|Neither Wholesaler or Retailer of Alcoholic Beverage Violated Duty to Drunk Patron Who Died|
Tennessee appeals court held that the heirs of a restaurant patron, who became drunk and later fell off a bridge and was killed, had no cause of action under the Dram Shop Act or common law against either the restaurant or the company that sold alcoholic beverages to the restaurant.
Negligence; Wrongful Death; Dram Shop Act; Restaurant
|C A S E S U M M A R Y|
Montgomery was a customer at Gondolier restaurant. He was served alcoholic beverages and became intoxicated. Gondolier staff called for a taxi to take him home. The taxi driver agreed that Montgomery was drunk. The taxi driver testified that Montgomery kept saying he did not want to go home, that he wanted to go back to the Gondolier. Several times he grabbed the steering wheel, causing the taxi driver nearly to lose control. The taxi driver pulled over and removed Montgomery from the cab. The driver called 911 to report that he left a very drunk man at the side of the road. Later, Montgomery's body was found. He had fallen off a bridge and was killed. His blood alcohol was very high. His heirs sued the Gondolier and the seller of alcoholic beverages to the Gondolier for negligence by violating the Tennessee Dram Shop Act, which imposes liability on servers of alcoholic beverages under certain conditions. The trial court granted defendants summary judgment. Montgomery's heirs appealed.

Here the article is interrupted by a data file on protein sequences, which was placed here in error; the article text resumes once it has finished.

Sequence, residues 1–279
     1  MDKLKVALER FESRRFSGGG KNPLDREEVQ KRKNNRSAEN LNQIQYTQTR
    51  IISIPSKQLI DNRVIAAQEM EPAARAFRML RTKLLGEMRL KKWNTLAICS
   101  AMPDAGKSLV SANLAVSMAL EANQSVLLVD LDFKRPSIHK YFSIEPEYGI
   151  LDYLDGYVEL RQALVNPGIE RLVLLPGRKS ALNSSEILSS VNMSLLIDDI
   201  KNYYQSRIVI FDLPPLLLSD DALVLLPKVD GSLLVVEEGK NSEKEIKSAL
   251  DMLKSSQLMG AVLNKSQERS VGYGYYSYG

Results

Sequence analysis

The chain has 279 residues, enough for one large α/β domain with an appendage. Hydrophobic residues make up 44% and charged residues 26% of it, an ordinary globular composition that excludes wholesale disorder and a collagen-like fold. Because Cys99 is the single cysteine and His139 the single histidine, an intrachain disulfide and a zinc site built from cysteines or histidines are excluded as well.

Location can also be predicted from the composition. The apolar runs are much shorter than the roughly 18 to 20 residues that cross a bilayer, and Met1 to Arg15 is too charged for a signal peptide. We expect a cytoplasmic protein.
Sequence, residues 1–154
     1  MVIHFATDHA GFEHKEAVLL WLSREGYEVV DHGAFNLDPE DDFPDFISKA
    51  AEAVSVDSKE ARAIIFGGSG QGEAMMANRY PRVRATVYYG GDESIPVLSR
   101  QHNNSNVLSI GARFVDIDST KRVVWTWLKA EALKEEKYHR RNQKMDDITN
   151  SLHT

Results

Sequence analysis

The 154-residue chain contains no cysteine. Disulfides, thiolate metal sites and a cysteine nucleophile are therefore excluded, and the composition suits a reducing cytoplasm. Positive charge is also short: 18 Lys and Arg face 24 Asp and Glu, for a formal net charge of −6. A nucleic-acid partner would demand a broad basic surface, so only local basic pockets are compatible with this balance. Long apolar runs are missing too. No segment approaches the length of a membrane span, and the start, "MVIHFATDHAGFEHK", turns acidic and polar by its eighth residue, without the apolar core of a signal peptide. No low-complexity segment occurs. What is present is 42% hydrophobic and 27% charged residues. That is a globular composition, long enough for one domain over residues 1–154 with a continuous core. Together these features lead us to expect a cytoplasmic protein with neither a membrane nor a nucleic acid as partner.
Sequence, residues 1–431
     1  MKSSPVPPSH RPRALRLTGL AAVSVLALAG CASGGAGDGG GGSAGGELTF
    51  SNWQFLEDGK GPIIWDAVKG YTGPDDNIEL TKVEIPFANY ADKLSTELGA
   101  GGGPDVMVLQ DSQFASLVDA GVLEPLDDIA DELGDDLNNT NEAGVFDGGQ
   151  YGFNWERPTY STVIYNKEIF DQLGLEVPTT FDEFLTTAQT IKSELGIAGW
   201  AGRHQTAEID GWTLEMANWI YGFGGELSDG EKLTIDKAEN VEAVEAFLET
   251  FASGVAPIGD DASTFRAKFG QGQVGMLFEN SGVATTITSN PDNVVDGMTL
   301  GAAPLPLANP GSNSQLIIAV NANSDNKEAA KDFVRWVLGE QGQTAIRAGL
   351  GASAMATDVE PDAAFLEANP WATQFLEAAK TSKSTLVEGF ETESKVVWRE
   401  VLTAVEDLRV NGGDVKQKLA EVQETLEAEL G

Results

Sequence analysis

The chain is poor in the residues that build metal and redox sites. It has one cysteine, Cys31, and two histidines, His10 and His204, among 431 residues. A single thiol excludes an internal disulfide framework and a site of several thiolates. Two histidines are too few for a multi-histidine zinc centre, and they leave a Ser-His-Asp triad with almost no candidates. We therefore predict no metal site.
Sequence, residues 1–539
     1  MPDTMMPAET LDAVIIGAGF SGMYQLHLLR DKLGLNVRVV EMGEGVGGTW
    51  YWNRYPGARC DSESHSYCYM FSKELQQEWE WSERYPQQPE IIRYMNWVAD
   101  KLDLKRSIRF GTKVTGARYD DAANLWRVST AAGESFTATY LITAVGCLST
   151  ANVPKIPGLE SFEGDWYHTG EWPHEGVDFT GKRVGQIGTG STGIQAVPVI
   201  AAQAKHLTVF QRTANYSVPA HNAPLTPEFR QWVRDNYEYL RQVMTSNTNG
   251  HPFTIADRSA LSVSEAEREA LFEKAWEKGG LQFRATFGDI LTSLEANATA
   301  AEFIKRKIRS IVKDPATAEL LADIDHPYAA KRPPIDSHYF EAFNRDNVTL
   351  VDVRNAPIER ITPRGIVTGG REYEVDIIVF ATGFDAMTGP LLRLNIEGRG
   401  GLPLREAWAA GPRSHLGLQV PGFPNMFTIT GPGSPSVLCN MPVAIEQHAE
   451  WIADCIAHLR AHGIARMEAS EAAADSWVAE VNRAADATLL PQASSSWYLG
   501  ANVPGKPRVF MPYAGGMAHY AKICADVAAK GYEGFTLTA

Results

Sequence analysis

Affirmed. The Gondolier is relieved of liability. It fulfilled any duty it had to Montgomery by calling a taxi cab, seeing him to the cab, and paying his fare to go home. His subsequent behavior was not foreseeable. Hence, the Gondolier is not liable under either the Dram Shop Act or under the common law of negligence. The sellers of alcoholic beverages to the Gondolier are not liable under the Dram Shop Act, as it applies to retailers of alcoholic beverages, such as the Gondolier, not wholesalers to the retailers. Any liability for the alcoholic beverage wholesalers would be based on negligence, and that does not exist. Suppliers could not foresee Montgomery's behavior.
|Citation||Montgomery v. Kail Orexi, LLC, ---S.W.3d--- (2009 WL 837711, Ct. App., Tenn., 2009)|
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